params1[1] = theRelServObjName;
    params1[2] = theRelTypeName;
    params1[3] = roleList1;
    String[] signature1 = new String[4];
    signature1[0] = "java.lang.String";
    signature1[1] = "";
    signature1[2] = "java.lang.String";
    signature1[3] = "";
    server.createMBean(theRelMBeanClassName, theRelMBeanObjName,
                       params1, signature1);

    addRelation(theRelMBeanObjName, theRelServObjName);

} catch(Exception e) {
    echo("\t Could not create relation MBean for relation " + relId2);

// Add our new MBean as a relation to the relation service
try {
    Object[] params2 = new Object[1];
    params2[0] = theRelMBeanObjName;
    String[] signature2 = new String[1];
    signature2[0] = "";
    server.invoke(theRelServObjName, "addRelation",
                  params2, signature2);
} catch(Exception e) {
    echo("\t Could not add relation MBean " + relMBeanObjName);

After a relation instance is added to the relation service, it can be accessed normally like other relations. Management operations can either operate on the MBean directly or access it through its identifier in the relation service. Two methods of the service are specific to external relation MBeans:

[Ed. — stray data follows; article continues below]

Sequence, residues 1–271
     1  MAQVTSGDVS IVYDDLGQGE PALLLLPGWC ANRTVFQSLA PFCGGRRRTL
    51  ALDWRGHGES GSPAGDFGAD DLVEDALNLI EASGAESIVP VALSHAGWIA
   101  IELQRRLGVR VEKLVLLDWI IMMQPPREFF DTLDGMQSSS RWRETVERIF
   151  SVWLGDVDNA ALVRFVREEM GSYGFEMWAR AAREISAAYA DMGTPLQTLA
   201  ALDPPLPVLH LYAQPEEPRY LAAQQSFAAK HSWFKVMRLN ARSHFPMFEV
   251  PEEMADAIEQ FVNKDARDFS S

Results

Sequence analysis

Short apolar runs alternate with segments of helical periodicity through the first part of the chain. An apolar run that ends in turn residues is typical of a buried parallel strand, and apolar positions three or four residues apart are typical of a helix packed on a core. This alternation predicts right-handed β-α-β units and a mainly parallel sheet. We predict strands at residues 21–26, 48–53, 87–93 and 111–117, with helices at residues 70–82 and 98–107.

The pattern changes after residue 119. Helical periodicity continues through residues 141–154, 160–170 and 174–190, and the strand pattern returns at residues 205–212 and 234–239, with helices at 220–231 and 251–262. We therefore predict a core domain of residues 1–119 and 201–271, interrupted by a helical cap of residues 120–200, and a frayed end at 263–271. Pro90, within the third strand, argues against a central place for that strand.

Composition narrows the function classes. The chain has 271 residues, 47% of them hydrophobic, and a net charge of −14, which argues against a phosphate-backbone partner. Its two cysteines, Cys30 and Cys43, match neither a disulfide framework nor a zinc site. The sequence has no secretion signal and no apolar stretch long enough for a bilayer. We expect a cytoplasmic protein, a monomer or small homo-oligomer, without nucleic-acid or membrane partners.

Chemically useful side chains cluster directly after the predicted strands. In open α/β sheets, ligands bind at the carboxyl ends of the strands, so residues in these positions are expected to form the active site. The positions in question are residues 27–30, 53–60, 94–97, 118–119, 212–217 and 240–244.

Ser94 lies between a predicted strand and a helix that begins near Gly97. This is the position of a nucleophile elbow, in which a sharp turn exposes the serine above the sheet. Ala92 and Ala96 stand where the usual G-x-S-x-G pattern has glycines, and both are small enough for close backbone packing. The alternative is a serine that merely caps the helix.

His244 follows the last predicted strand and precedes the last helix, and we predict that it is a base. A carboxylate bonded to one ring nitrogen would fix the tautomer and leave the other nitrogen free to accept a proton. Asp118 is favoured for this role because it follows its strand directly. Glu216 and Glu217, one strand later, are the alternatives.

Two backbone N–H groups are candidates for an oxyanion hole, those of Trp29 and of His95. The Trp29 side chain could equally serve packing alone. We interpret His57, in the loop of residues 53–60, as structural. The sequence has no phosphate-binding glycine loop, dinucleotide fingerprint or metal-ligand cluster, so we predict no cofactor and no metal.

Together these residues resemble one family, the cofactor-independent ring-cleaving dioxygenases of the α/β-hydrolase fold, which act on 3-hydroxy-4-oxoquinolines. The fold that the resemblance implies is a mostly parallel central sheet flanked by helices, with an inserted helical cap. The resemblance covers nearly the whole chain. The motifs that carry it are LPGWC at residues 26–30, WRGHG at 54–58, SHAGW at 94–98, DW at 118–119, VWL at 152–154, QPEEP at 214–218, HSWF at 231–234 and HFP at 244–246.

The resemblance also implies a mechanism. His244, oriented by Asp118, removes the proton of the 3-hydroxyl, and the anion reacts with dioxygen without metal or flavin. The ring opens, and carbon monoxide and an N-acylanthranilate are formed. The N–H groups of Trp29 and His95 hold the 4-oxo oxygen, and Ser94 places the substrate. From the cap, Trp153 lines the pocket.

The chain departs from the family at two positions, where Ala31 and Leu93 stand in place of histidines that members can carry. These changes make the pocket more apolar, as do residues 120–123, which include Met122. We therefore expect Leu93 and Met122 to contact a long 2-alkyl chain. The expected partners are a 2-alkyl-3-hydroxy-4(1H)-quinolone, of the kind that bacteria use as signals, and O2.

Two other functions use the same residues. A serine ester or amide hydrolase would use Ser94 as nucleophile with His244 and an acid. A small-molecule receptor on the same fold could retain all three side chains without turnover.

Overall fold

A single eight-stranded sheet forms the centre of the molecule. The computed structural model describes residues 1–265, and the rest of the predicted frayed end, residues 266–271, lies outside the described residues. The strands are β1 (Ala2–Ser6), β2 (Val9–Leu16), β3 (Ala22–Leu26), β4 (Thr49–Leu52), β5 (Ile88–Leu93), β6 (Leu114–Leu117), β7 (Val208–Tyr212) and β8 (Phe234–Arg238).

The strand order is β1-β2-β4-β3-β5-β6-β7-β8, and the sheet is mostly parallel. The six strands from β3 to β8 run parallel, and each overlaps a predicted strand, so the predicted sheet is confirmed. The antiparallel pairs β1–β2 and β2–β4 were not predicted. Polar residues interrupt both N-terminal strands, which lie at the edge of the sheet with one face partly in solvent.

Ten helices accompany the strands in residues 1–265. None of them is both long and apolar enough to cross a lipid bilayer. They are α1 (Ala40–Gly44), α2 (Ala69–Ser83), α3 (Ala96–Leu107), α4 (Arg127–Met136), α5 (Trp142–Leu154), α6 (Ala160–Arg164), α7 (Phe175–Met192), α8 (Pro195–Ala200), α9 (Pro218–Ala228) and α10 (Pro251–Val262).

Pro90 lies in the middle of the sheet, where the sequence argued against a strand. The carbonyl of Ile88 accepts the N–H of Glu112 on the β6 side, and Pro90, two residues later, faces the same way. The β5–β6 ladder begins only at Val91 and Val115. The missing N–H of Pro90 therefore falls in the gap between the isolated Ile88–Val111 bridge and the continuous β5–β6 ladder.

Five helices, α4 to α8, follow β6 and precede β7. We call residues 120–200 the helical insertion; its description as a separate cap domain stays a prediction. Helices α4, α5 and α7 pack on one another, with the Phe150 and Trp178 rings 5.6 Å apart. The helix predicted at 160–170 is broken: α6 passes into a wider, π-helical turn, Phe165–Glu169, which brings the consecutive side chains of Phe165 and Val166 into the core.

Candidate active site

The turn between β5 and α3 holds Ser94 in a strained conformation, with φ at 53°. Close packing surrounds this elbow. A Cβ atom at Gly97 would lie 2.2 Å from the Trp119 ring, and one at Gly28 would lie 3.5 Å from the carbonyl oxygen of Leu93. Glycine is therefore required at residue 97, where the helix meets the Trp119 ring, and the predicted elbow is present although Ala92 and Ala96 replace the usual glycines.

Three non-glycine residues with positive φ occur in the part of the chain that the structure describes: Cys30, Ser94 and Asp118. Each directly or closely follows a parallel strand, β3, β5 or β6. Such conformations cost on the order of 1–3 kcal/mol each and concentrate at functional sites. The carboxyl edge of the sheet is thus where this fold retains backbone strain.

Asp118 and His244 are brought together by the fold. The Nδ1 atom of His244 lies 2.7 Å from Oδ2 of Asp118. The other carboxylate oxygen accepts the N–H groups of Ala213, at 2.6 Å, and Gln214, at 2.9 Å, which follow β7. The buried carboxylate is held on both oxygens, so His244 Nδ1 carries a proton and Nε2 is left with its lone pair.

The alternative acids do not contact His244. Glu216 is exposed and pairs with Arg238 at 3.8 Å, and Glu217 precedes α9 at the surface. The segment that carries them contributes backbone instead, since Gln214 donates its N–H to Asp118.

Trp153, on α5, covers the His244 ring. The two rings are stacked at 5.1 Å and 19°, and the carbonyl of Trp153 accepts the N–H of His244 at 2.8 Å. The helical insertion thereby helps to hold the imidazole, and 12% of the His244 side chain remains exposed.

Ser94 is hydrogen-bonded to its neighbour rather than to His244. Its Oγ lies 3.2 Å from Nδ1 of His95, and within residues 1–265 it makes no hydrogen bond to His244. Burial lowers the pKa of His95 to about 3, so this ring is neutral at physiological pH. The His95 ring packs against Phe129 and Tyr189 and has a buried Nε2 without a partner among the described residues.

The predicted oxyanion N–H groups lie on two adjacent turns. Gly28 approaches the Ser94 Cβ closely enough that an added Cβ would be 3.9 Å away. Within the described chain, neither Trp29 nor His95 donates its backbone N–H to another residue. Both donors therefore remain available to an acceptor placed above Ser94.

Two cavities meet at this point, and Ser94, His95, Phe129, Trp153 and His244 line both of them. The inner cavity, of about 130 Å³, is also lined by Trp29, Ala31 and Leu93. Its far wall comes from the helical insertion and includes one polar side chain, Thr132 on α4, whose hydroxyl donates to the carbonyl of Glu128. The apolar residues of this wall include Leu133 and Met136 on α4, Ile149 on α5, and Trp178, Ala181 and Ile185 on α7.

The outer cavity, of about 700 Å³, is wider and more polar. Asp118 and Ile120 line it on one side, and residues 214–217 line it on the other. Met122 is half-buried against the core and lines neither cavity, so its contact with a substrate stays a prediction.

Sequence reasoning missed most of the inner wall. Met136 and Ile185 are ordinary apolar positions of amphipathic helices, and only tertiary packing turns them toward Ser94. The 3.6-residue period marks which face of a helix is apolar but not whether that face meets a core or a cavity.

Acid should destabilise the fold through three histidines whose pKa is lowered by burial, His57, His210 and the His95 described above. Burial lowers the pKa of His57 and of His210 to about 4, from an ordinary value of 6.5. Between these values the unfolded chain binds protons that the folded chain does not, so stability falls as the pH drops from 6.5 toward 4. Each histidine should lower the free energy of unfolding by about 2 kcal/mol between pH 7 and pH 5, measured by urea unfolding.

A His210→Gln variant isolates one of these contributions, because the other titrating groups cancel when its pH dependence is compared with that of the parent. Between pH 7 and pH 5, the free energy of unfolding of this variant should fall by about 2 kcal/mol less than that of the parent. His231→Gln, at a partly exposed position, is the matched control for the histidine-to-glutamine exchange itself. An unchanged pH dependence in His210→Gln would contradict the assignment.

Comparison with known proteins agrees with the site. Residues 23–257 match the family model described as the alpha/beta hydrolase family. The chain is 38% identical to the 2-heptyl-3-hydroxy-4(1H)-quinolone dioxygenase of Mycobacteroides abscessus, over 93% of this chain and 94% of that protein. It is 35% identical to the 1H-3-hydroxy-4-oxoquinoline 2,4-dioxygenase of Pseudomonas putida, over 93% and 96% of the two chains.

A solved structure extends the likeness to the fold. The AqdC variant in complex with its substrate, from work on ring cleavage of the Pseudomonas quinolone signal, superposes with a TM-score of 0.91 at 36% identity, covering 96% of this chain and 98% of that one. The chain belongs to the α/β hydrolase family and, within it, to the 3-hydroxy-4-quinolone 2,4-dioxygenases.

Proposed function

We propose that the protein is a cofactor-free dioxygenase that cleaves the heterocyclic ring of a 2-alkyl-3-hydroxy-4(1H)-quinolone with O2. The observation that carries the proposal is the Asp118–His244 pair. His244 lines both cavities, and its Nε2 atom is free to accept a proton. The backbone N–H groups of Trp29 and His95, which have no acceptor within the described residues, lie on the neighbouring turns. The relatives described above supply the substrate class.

In our example, our MBean does not expose any functionality that interacts with the relation service. It relies fully on the support class and only adds the implementation of its own simple MBean interface. In a more realistic example, the MBean would expose attributes or operations related to its role values.

For example, Personal Library could be a unary relation type containing the Books role. We could then design an Owner MBean to be a relation of this type. In addition to exposing attributes about the owner, the MBean would give the number of books in the library, return an alphabetized list of book titles, and provide an operation for selling a book. All of these would need to access the role list, and the sale operation would need to modify the role to remove a book MBean.

All of these operations would need to keep the consistency of the relation. To do this, the relation service exposes several methods that relation MBeans must call:

13.4 Running the Relation Service Example

The examplesDir/current/Relation directory contains all of the files for the agent application and the associated MBeans.

To Run the Relation Service Example
  1. Compile all files in this directory with the javac command. For example, on the Solaris platform with the Korn shell, type:

    $ cd examplesDir/current/Relation/
    $ javac -classpath classpath *.java
  2. Start the relation service application with the following command. Be sure that the classes for the SimpleRelationType and SimpleRelation MBean can be found in its classpath.

    $ java -classpath classpath RelationAgent

    When started, the application first creates the RelationService MBean and then begins its long demonstration of operations on roles, types and relations. The output of each step is separated by a horizontal line to detect its starting point in the scrolling display.

  3. Press Enter to step through the example when the application pauses, or press Control-C at any time to exit.